Simona Pekarek Doehler, University of Neuchâtel, Switzerland
Throughout the past decades, an extensive body of research has provided important insights into the development of a second language (L2) over time. Yet, to date, little is known about how peoples’ capacity to engage in specifically oral communicative interaction is affected in their L2, nor how their ability to participate in such interaction evolves over time. It is only recently that we witness a growing body of longitudinal conversational analytic (CA) research addressing exactly this issue (see e.g. Hellermann 2008, and some of the papers collected in Hall et al. 2011): How do second language speakers use the linguistic resources at their disposal to accomplish social actions in coordination with others? What does the development of interactional competence in an L2 consist of? Is interactional competence simply transferred from the L1 to the L2 or is it re-elaborated in the L2?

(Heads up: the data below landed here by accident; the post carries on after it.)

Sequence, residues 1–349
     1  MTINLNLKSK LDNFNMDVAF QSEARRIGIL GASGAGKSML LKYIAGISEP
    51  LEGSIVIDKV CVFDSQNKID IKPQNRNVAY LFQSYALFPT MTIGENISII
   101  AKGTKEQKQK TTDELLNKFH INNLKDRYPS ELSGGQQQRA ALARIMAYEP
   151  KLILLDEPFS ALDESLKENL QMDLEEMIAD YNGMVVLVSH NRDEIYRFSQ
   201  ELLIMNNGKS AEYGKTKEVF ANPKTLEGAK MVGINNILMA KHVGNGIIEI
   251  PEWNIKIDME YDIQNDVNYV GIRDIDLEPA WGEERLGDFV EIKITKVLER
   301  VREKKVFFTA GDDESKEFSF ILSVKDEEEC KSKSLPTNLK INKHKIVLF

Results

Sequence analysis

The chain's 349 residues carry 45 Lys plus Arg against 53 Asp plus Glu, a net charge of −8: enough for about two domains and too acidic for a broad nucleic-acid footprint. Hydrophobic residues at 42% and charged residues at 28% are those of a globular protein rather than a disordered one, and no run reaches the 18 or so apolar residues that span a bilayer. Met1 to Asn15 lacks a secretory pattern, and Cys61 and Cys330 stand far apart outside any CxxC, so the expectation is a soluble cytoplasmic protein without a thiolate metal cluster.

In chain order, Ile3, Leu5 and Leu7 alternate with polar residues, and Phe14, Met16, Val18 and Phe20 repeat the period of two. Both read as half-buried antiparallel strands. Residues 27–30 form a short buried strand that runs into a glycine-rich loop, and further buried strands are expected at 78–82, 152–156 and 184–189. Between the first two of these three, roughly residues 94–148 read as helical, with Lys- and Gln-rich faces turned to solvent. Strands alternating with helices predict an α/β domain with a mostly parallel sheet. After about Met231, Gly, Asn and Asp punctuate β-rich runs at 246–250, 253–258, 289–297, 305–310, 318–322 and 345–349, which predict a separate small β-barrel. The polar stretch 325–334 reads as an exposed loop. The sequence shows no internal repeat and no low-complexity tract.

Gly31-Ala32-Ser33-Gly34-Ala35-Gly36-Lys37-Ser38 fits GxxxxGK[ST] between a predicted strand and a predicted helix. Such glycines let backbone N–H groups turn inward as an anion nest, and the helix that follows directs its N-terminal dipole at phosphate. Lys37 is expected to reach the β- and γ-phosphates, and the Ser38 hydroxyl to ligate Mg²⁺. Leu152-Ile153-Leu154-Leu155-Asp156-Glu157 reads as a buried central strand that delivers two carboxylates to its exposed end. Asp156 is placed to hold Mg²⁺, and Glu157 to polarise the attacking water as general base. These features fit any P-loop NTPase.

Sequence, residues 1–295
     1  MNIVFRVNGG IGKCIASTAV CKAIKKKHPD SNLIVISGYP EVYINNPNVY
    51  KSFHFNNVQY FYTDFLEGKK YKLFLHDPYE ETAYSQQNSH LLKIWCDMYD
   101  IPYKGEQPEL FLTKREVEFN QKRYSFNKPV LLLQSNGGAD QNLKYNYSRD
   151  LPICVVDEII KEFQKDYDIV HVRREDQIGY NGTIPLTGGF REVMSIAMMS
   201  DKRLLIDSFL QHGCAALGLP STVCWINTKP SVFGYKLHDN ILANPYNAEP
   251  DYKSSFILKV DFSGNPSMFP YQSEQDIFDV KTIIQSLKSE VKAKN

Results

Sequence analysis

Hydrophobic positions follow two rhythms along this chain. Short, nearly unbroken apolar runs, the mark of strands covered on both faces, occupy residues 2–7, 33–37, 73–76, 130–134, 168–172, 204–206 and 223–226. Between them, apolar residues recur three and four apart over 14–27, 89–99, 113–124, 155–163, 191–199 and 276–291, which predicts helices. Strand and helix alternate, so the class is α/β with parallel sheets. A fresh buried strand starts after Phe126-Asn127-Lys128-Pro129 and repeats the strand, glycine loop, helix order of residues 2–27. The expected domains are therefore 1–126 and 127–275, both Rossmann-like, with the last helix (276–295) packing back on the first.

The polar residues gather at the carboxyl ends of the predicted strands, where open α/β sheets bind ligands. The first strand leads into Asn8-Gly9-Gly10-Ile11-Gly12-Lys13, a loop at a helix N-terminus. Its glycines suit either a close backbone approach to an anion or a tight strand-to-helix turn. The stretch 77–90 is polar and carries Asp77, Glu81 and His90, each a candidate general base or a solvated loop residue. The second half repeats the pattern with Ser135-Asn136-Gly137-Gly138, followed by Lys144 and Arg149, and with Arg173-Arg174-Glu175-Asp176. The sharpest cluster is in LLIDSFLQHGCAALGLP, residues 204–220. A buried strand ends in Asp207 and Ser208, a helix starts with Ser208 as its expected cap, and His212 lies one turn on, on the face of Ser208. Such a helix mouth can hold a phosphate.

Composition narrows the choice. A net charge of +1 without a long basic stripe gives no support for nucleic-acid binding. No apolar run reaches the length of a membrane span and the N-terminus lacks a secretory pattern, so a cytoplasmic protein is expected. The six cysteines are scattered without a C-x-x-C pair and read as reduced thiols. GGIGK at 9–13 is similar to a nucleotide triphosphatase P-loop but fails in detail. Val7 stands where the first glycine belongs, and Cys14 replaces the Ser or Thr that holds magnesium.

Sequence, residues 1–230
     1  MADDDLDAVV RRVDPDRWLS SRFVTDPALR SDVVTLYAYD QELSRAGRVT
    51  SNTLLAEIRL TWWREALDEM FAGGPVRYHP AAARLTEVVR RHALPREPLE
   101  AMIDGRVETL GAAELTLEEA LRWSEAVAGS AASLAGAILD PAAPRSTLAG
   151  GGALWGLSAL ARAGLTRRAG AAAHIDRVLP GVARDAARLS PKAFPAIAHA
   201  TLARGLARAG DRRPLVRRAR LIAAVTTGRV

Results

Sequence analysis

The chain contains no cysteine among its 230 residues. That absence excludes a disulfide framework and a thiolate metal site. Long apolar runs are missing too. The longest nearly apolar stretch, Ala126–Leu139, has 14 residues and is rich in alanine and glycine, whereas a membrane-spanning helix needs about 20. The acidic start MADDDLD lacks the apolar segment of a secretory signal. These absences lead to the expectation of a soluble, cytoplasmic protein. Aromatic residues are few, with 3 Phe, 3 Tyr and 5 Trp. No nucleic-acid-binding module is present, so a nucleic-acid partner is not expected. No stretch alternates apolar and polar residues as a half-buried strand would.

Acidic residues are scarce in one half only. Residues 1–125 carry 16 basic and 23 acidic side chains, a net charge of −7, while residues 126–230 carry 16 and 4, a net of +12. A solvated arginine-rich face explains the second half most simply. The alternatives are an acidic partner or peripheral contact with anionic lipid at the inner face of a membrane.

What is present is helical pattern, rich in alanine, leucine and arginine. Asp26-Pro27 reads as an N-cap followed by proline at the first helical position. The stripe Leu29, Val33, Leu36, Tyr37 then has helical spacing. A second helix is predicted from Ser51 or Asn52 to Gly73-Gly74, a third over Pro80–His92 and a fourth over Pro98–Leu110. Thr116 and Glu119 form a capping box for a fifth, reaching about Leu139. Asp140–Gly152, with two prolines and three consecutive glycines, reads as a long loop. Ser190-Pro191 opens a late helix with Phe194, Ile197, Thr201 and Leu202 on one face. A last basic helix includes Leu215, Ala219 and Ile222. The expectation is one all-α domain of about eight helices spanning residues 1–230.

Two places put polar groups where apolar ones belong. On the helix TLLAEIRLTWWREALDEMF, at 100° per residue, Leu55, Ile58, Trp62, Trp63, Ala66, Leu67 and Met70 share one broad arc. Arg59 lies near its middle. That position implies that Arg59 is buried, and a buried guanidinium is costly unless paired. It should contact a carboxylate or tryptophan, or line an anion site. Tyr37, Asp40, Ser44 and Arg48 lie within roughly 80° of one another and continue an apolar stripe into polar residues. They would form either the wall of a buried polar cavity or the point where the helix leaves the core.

In this paper, I address these questions by critically reviewing the empirical evidence provided by existing CA work (including my own work) on L2 interactional development as regards the most central organizational principles of social interaction: turn-taking organization, sequence organization, repair organization, and preference organization. I argue that existing findings support an understanding of the development of L2 interactional competence as involving a diversification of members’ ‘methods’ (in the ethnomethodological sense of the term) for accomplishing social interaction, which ensues in speakers’ growing ability to recipient design talk and to deploy context-sensitive conduct, i.e. conduct that is tailored to the local circumstantial details of the interaction. Because social interaction is based on a minute synchronization and coordination of mutual conduct, this precise tailoring of speakers’ actions to the local circumstantial details of the ongoing course of action and to co-participants’ current expectations, needs and states of knowledge, represents the very essence of interactional competence.